Railroads and Conflict in the West

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How does Richard White's assessment differ from Frederick Jackson Turner's view of the frontier as a "meeting point between savagery and civilization?" Richard White, The Middle Ground (1991). Frederick Jackson Turner, "The Significance of the Frontier in American History" (1893).

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The basic difference is that Turner belongs to an older historical tradition that sees westward expansion as something of a story of progress.  It sees white civilization meeting Indian savagery and gradually overcoming it.  In the process, the whites transformed themselves and their country.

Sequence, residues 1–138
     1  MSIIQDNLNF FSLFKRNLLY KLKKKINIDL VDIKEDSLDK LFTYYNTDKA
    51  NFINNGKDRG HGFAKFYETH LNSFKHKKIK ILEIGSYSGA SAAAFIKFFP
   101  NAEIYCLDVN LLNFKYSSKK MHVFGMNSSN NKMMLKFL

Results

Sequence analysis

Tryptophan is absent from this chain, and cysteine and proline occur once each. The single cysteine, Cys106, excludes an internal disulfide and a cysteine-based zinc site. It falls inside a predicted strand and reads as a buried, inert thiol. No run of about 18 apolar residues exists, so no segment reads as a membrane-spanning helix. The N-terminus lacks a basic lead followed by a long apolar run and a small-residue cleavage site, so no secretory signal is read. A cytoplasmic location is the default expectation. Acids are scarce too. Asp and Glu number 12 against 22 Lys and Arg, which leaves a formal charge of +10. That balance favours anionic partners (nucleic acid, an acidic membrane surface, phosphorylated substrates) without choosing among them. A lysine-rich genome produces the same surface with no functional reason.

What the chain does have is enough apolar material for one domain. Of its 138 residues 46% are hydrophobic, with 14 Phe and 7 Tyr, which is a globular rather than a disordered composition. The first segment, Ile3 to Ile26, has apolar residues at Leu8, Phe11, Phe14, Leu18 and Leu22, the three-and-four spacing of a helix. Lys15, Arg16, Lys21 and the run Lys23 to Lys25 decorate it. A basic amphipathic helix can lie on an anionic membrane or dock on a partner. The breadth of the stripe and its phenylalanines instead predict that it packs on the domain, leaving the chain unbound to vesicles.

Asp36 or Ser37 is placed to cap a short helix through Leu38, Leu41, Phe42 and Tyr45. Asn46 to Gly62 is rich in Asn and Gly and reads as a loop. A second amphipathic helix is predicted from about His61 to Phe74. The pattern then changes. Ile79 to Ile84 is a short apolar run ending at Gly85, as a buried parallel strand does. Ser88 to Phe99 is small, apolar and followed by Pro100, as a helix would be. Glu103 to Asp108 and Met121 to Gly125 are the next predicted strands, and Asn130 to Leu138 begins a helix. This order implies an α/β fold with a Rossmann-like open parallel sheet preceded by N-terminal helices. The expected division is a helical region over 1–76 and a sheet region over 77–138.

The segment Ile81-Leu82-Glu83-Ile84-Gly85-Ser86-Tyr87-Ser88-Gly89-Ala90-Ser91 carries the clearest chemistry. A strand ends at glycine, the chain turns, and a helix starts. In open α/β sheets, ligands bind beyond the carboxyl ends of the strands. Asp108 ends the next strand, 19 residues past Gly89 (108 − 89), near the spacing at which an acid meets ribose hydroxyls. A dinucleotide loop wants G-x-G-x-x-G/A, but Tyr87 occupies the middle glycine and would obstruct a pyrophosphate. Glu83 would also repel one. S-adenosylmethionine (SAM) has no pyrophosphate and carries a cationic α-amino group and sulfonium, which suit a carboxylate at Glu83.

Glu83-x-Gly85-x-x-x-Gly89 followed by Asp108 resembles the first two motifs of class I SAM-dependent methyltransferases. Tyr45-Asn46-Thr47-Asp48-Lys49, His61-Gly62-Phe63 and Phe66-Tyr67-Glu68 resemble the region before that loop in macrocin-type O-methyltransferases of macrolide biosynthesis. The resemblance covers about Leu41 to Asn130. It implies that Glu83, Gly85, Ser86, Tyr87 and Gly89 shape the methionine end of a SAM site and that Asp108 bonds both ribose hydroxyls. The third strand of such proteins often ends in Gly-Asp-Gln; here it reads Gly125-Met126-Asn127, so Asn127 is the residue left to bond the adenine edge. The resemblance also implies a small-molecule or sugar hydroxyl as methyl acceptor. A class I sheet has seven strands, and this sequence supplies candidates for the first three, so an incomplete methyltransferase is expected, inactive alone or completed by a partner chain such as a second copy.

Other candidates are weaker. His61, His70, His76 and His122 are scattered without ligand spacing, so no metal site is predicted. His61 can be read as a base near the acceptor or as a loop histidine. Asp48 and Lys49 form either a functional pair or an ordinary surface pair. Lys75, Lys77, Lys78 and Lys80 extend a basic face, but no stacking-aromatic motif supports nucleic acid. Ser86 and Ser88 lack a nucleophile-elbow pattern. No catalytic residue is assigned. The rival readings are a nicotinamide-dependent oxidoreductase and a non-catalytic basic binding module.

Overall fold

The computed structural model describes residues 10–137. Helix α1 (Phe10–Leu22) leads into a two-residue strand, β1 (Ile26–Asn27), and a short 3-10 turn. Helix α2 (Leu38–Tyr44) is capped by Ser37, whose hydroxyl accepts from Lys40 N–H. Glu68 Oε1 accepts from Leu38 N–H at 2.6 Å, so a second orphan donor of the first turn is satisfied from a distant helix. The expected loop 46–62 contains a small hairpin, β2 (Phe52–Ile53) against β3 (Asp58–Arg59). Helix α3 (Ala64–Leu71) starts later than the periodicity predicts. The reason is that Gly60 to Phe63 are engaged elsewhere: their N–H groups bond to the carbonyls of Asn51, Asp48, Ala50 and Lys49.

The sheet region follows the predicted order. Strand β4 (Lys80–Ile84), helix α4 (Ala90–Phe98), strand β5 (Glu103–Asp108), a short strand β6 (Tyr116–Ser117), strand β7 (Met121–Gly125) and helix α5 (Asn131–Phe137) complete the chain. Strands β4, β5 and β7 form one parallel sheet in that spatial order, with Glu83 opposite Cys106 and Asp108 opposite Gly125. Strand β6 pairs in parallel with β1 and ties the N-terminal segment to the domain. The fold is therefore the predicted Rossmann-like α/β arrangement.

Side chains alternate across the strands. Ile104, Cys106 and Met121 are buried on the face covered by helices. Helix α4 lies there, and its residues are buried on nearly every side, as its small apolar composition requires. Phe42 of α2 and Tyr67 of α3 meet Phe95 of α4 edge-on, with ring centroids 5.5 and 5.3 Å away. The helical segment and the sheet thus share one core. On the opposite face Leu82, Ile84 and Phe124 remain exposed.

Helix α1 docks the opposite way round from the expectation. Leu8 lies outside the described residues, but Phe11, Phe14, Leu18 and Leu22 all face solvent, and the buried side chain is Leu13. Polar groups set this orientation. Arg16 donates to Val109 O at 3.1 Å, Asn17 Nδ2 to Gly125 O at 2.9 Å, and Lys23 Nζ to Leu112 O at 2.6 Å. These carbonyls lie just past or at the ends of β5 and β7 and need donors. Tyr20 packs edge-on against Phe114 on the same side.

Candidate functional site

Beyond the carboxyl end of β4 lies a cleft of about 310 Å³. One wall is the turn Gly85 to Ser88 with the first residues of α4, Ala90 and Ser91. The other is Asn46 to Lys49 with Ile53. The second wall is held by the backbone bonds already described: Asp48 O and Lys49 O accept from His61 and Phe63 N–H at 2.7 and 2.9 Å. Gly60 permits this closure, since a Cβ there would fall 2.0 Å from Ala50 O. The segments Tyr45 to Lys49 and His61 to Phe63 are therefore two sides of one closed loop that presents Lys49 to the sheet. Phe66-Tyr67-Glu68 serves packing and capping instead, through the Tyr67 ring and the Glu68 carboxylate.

By contrast, White's sees the frontier as a set of relationships and interactions between whites and Indians.  He sees it not as a march towards a triumphal end, but a set of relationships that occurred in a specific time and place.  He also looks much more at the meaning of the frontier for the Native Americans.  He tries to see them not simply as savages (nor as people who were simply victims of white aggressors) but as real people trying to adjust to the new world in which they found themselves.

In this way, White's view of the frontier is a more well-rounded one that puts less stress on the glory of white settlement and more on the whole picture of how that settlement impacted everyone it touched.

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